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By D. André Green II
One of nature's epic events is underway: Monarch butterflies' fall migration. Departing from all across the United States and Canada, the butterflies travel up to 2,500 miles to cluster at the same locations in Mexico or along the Pacific Coast where their great-grandparents spent the previous winter.
Millions of People Care About Monarchs<p>I will never forget the sights and sounds the first time I visited monarchs' overwintering sites in Mexico. Our guide pointed in the distance to what looked like hanging branches covered with dead leaves. But then I saw the leaves flash orange every so often, revealing what were actually thousands of tightly packed butterflies. The monarchs made their most striking sounds in the Sun, when they burst from the trees in massive fluttering plumes or landed on the ground in the tussle of mating.</p><p>Decades of educational outreach by teachers, researchers and hobbyists has cultivated a generation of monarch admirers who want to help preserve this phenomenon. This global network has helped restore not only monarchs' summer breeding habitat by planting milkweed, but also general pollinator habitat by planting nectaring flowers across North America.</p><p>Scientists have calculated that restoring the monarch population to a stable level of about 120 million butterflies will require <a href="https://doi.org/10.1111/icad.12198" target="_blank">planting 1.6 billion new milkweed stems</a>. And they need them fast. This is too large a target to achieve through grassroots efforts alone. A <a href="https://www.fws.gov/savethemonarch/CCAA.html" target="_blank" rel="noopener noreferrer">new plan</a>, announced in the spring of 2020, is designed to help fill the gap.</p>
Pros and Cons of Regulation<p>The top-down strategy for saving monarchs gained energy in 2014, when the U.S. Fish and Wildlife Service <a href="https://www.fws.gov/southeast/pdf/petition/monarch.pdf" target="_blank">proposed</a> listing them as threatened under the Endangered Species Act. A decision is expected in December 2020.</p><p>Listing a species as endangered or threatened <a href="https://www.fws.gov/endangered/esa-library/pdf/listing.pdf" target="_blank">triggers restrictions</a> on "taking" (hunting, collecting or killing), transporting or selling it, and on activities that negatively affect its habitat. Listing monarchs would impose restrictions on landowners in areas where monarchs are found, over vast swaths of land in the U.S.</p><p>In my opinion, this is not a reason to avoid a listing. However, a "threatened" listing might inadvertently threaten one of the best conservation tools that we have: public education.</p><p>It would severely restrict common practices, such as rearing monarchs in classrooms and back yards, as well as scientific research. Anyone who wants to take monarchs and milkweed for these purposes would have to apply for special permits. But these efforts have had a multigenerational educational impact, and they should be protected. Few public campaigns have been more successful at raising awareness of conservation issues.</p>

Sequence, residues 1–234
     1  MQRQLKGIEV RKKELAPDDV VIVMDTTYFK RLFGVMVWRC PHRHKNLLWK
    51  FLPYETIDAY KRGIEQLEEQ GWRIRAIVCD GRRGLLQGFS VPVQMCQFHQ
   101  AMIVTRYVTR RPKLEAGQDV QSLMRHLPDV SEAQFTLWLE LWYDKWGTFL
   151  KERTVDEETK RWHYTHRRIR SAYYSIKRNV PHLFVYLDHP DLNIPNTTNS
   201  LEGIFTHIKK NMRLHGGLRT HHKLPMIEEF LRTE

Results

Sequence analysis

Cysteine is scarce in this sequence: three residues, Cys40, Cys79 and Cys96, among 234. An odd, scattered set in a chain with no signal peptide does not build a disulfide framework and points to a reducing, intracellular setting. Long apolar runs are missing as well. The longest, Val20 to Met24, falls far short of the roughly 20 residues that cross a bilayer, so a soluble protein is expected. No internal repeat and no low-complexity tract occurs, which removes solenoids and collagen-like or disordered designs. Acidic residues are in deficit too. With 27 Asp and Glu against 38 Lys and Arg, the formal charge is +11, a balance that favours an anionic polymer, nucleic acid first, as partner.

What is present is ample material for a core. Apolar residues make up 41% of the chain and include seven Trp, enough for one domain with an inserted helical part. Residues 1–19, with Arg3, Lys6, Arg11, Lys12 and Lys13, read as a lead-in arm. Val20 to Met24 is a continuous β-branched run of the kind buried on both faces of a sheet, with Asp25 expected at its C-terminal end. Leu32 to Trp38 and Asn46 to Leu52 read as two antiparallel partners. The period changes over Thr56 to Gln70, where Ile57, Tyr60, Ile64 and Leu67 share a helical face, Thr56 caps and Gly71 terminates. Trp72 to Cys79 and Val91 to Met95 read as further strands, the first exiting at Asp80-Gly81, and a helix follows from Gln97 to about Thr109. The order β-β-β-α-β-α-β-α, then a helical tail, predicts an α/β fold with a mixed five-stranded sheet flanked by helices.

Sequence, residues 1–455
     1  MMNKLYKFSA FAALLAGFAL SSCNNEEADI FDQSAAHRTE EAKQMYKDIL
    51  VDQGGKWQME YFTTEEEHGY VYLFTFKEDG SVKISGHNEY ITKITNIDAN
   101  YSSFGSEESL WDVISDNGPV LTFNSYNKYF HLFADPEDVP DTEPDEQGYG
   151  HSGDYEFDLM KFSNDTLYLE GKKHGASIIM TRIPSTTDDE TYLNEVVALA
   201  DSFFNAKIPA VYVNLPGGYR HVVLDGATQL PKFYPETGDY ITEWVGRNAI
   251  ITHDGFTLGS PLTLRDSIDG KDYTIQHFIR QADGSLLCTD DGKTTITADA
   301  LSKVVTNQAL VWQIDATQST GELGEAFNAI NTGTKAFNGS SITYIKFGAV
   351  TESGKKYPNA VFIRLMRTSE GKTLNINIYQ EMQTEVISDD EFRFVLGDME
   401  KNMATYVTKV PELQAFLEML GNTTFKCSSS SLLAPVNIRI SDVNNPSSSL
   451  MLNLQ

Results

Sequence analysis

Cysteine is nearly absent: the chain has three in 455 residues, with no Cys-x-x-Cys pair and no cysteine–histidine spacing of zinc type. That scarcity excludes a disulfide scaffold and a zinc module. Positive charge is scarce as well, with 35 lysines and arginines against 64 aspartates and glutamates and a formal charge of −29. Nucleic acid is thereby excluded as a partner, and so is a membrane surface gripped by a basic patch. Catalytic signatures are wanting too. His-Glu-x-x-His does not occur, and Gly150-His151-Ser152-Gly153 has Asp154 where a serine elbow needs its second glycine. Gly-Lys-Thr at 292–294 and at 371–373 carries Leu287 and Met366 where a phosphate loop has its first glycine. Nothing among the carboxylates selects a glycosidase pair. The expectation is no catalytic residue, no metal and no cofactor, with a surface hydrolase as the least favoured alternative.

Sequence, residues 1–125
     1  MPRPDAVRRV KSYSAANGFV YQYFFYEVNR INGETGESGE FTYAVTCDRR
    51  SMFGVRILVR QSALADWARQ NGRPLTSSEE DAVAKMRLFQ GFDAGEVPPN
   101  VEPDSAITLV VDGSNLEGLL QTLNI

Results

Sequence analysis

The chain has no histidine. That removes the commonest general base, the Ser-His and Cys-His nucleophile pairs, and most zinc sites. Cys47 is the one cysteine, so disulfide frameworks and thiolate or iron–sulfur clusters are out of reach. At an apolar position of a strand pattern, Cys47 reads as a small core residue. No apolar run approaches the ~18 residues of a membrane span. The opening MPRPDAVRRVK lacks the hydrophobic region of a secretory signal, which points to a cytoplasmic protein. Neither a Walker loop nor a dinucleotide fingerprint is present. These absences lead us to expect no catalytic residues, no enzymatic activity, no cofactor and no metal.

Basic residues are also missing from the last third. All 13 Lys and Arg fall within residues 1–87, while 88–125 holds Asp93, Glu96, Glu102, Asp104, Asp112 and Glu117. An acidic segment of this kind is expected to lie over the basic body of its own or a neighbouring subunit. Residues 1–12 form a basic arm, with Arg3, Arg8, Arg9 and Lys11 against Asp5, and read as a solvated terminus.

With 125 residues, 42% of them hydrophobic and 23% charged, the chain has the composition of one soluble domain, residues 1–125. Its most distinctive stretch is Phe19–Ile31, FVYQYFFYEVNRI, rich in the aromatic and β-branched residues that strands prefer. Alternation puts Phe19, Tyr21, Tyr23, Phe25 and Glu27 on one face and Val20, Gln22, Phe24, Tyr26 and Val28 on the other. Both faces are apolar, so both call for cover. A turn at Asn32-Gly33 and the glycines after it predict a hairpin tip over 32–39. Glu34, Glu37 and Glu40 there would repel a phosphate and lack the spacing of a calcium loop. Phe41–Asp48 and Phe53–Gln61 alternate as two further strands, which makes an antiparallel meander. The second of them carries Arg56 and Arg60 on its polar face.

<span style="display:block;position:relative;padding-top:56.25%;" class="rm-shortcode" data-rm-shortcode-id="91165203d4ec0efc30e4632a00fdf57d"><iframe lazy-loadable="true" src="https://www.youtube.com/embed/KilPRvjbMrA?rel=0" width="100%" height="auto" frameborder="0" scrolling="no" style="position:absolute;top:0;left:0;width:100%;height:100%;"></iframe></span>